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PostPosted: 28 Dec 2010, 11:38 
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Just came across this article about the Islington railway workshops being rejected for preservation by the South Australian Heritage Council although the National Trust of South Australia recommended turning it into a museum.
http://www.abc.net.au/news/stories/2010/12/28/3102584.htm

The photo isn't too flash in the article and, as I'm not au fait with Sth Oz, I was wondering if anyone knew any further information on them?
Before the skyline (possibly) loses that gorgeous saw-toothed roofline.

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PostPosted: 28 Dec 2010, 18:52 
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The Islington Railway Workshops were started in 1891 and a majority of the buildings were built in 1902. In 1927 due to the conversion of the mid north narrow gauge system (the Western division) to broad gauge the old workshops were replaced with modern maintenance buildings however some of the buildings from 1902 still exist on the site.

Attachment:
Islington Railway Workshop 1902.JPG
Islington Railway Workshop 1902.JPG [ 66.71 KiB | Viewed 3391 times ]


Attachment:
Islington Railway Workshop 1925 and 1951.jpg
Islington Railway Workshop 1925 and 1951.jpg [ 102.4 KiB | Viewed 3391 times ]


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File comment: Islington Railway Workshop Oct 2010
Islington Railway Workshop 2010.jpg
Islington Railway Workshop 2010.jpg [ 85.57 KiB | Viewed 3391 times ]


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PostPosted: 08 Jan 2011, 09:51 
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Thanks, Edwardian, =D>
Got to love the beauty in heritage industrial architecture, even the old Nissan Hut at Caulfield Railway Station has a rough but crude attraction :mrgreen:
Hope these are saved in the long term!

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PostPosted: 07 Jun 2011, 19:45 
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Eventhough the Islington Railway Yard contains six heritage-listed buildings the local council granted approval to demolish part of the railway yard buildings in September 2010 to make way for a mixed development on the condition that a number of valued trees would not be removed.

Today it was announced that one of the developers of the Islington Railway Yard project will be prosecuted for removing six significant trees to make way for a commercial project after the local residents expressed concerns.

Six red river gums, some thought to have been planted in the 1890s, have been uprooted and several other trees were removed.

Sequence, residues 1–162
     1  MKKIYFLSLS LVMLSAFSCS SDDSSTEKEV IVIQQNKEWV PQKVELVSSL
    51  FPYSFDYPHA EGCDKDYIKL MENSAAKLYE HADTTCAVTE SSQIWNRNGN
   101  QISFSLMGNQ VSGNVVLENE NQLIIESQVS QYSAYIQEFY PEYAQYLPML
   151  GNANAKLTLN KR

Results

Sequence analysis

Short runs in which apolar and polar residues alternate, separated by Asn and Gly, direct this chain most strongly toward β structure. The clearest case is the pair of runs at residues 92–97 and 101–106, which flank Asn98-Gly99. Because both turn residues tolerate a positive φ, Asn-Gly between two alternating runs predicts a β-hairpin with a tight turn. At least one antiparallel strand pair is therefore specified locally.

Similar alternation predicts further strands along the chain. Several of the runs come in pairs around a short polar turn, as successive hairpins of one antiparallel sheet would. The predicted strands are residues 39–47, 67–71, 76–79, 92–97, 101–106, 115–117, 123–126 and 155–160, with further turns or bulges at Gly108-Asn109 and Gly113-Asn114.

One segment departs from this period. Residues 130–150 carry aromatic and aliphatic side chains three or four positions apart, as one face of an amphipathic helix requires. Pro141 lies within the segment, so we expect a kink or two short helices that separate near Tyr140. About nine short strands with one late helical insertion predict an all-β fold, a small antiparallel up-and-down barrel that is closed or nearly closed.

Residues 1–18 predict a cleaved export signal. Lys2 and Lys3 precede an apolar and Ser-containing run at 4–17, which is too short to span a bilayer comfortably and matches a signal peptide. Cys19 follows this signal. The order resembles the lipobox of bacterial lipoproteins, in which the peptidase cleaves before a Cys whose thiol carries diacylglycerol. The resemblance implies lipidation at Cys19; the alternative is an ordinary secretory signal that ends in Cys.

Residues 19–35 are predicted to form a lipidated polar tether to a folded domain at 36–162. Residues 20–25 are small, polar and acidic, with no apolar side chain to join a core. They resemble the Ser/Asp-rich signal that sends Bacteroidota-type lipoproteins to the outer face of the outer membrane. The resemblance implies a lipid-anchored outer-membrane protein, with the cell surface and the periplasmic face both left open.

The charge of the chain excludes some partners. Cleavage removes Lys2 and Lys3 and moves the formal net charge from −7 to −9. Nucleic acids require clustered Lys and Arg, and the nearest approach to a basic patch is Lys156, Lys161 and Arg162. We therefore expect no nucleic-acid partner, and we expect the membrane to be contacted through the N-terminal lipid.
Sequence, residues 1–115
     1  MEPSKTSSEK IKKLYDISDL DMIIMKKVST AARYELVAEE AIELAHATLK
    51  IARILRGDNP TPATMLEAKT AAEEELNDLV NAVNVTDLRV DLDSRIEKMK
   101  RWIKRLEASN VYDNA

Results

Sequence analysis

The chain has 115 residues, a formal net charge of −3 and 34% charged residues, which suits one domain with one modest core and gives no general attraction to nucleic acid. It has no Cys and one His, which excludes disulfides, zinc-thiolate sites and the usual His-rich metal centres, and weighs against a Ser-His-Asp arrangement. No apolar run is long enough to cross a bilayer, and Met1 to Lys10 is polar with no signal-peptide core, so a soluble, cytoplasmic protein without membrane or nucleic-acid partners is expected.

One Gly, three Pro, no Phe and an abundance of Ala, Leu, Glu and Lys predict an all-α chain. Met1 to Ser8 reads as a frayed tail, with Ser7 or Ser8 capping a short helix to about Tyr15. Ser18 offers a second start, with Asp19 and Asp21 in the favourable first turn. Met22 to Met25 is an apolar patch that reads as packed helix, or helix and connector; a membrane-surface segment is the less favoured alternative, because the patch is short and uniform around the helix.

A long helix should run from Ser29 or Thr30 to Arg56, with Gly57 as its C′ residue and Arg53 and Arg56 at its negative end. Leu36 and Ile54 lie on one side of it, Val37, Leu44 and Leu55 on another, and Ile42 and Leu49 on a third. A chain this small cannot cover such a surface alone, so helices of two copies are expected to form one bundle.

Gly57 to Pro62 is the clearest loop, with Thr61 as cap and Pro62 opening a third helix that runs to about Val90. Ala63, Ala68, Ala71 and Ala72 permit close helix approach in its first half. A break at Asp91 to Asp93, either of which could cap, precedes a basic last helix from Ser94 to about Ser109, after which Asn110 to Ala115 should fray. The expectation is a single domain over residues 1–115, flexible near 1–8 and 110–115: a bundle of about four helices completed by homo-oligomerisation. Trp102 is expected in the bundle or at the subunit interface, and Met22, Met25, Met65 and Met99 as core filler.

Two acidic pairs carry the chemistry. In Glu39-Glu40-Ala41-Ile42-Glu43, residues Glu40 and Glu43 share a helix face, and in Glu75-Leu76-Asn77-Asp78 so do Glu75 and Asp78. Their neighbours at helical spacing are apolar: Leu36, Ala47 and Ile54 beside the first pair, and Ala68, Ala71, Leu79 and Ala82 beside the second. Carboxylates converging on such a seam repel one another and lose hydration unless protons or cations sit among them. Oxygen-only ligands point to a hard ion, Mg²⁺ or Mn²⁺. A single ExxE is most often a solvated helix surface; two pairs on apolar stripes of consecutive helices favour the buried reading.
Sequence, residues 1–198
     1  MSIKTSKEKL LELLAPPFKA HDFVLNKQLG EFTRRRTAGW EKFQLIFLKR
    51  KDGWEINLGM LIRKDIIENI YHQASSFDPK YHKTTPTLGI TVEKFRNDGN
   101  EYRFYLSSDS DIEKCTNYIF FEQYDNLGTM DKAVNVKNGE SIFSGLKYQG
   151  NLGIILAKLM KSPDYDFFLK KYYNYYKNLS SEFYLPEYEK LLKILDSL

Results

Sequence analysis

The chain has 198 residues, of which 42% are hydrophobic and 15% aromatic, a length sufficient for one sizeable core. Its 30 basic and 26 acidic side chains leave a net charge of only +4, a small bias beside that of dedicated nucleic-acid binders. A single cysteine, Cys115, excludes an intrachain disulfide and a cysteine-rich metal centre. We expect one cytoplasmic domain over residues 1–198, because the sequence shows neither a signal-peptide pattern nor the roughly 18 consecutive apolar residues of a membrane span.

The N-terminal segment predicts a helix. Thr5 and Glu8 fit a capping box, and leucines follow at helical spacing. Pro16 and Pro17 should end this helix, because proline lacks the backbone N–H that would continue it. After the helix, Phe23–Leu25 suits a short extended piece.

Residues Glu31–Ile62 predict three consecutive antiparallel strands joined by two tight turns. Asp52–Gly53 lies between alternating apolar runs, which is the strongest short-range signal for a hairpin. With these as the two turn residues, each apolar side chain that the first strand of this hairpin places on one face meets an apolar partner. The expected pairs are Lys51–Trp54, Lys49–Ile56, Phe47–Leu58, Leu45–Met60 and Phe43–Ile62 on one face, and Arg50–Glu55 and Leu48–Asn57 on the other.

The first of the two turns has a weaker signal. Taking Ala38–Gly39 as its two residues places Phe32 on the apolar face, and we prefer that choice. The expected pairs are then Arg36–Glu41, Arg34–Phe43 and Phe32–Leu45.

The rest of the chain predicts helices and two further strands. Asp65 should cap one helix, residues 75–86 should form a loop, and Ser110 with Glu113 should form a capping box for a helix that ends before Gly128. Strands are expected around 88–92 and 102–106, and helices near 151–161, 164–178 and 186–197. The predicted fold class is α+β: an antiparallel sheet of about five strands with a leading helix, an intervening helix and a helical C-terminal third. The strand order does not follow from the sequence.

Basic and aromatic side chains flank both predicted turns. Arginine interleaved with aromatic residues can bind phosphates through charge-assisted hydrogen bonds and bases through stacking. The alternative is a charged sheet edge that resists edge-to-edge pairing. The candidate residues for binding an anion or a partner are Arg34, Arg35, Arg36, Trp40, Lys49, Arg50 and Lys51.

The developers also removed two pencil pines flanking a World War II honour role, although they were in a heritage-listed section of the site which is not to be demolished.

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File comment: Illegal tree removal June 2011
Islington Railway trees removed.jpg
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The developer probably needed room for the portable toilets and when trees got to go they got to go.


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PostPosted: 08 Jun 2011, 00:15 
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Edwardian wrote:
Eventhough the Islington Railway Yard contains six heritage-listed buildings the local council granted approval to demolish part of the railway yard buildings in September 2010 to make way for a mixed development on the condition that a number of valued trees would not be removed.

Today it was announced that one of the developers of the Islington Railway Yard project will be prosecuted for removing six significant trees to make way for a commercial project after the local residents expressed concerns.

Six red river gums, some thought to have been planted in the 1890s, have been uprooted and several other trees were removed.

The developers also removed two pencil pines flanking a World War II honour role, although they were in a heritage-listed section of the site which is not to be demolished.

Attachment:
Islington Railway trees removed.jpg


The developer probably needed room for the portable toilets and when trees got to go they got to go.


When Im King I will ensure that when developers breach these sorts of conditions, they lose the ENTIRE property - ceded back to the Crown - and also have to pay for remediation.

Only then will this 'accidental' sort of thing stop occurring.


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